* This is a contributed article and this content does not necessarily represent the views of IBTimes.

Elon Musk, Albert Einstein, and one of the Founding Fathers of the United States, Thomas Jefferson, all had something in common - they were all autistic. Imagine how different our world would have been had they ever been discouraged to excel because they listened to the ridicule and criticism they faced as young children, only because no one understood their behavior.

In the year 2000, the number of people born in the US with autistic spectrum disorder (ASD) was 1 in 150. Today, that number has increased to a shocking 1 in 44. We are now looking at a future where every single person will have their lives touched by autism. So, why isn't anything being done to prepare for this?

ASD is a developmental disability caused by differences in the brain. People with ASD may have different ways of communicating, interacting, learning, moving, or even paying attention for long periods of time. This, however, does not mean that they are no less intelligent than the rest of us. In fact, they may even be geniuses.

Saba Torabian
Saba Torabian

Autism rarely gets the spotlight unless it's being used to delegitimize vaccines, although awareness has been growing in recent years. This is most likely due to the increased number of people who are living with the disorder or have a family member or friend who has been diagnosed. Naturally, there is now more understanding among the public conscious.

Understanding, however, is not enough. Concrete actions must be taken for both those on the spectrum and those who care for them to ensure we are taking the appropriate steps in the right direction.

The question is, who should be the ones to shoulder that responsibility? In one sense, it should be a collective effort. However, I believe that in this modern world where corporations hold increasingly more power, the billionaires in Silicon Valley should be doing more to support the aid and treatment of those with ASD, especially since math and technology may be found to be a strong skill in autistic children and ultimately help those companies grow.

I have personally reached out to Mark Zuckerberg and Bill Gates and asked for support but to no avail. I have also written to Oprah and Dr. Phil in the hopes of using their platforms to reach a wider audience, yet I was met with a deafening silence. Not only are the voices of those with ASD not being heard, they are also being actively ignored.

Research shows that during childhood, those with ASD can embrace mechanisms that will allow them to succeed as adults, despite the mental challenges they face.

Currently, there is not nearly enough support for families who have children with ASD. This leaves them facing long waiting lists, stretched medical staff, and abandonment from receiving the treatment they need. The few centers that are available in supporting those with ASD are facing a rapidly increased demand which they don't have the capacity for. It should be considered criminal that those with so many resources give so little to a real and extremely consequential problem.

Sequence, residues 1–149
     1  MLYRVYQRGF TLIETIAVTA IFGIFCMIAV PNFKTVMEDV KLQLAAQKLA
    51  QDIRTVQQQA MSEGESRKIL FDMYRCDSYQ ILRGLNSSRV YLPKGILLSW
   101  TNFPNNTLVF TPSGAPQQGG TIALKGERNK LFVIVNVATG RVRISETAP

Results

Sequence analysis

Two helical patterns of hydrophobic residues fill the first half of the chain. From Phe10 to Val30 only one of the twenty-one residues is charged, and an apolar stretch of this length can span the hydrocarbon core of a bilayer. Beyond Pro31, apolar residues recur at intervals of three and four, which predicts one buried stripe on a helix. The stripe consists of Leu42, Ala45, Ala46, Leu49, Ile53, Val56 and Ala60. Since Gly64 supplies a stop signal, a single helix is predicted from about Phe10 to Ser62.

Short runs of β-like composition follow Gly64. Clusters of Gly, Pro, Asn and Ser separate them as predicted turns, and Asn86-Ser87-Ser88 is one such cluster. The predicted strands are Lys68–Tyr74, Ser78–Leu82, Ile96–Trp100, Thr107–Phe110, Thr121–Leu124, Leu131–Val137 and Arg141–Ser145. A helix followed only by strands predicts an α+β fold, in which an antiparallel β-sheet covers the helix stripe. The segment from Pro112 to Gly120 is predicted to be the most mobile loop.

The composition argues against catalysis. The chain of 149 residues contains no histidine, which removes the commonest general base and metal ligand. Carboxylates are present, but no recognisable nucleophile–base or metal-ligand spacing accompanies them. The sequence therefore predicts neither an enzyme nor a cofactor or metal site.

Those with ASD have specific needs, so you can't have a one-size-fits-all solution. It is essential that we have centers that can facilitate those needs and patients don't have to face year-long waiting lists to receive diagnosis. ASD is a daily struggle and having to wait so long for support is unacceptable.

Companies like Apple, Google, Meta, and Amazon continually have many employees that are affected by ASD, therefore it's baffling that they aren't doing more.

A simple pocket change donation from their profits would benefit thousands, or even millions of people, where it would also be in their best interest to do so. If 1 in 44 children have ASD, then we're approaching a future where almost one third of adults will be on the spectrum. If support isn't put in place in early years, then we will be faced with a large autistic population that will not have the right tools to function in an already difficult world.

With the right support, even those with the most severe cases of ASD can live a fulfilling and meaningful life. Without it, that same life can be a series of struggles, challenges, and isolation.

Big tech companies cannot sit idly by and allow those who are suffering day-by-day go unattended when they have the means to help. All they need to do is look out the window to see the real-world challenges that these individuals and their families face. Even the simple act of donating some much-needed technology to improve the day-to-day communication issues for those with ASD face would really change their lives for the better.

Silicon Valley has the means to support schools that can accommodate students with ASD, giving the essential education and training to staff that are overwhelmingly underprepared to give ASD students the best start in life.

These major companies also have the capability to fund projects to establish centers which can give the proper diagnosis that families wait years for. These centers can give those with ASD a place where they can enjoy life, provide the safety and security that can allow them to thrive, and give the necessary support and education to families so they may learn how to better care for their loved ones.

Finally, autism shouldn't be viewed as a social and professional death sentence. These children are not lost causes nor a burden. They are just as valuable and integral to society as every one of us. Many of them just lack the support and understanding they deserve and I urge all who have the means to do so to help these children reach their max potential. In the end, we are all responsible if we fail them and do nothing.

About the author

Dr. Saba Torabian is the proud mother of two autistic children and the founder of ICAN: Intervention Center for Autism Needs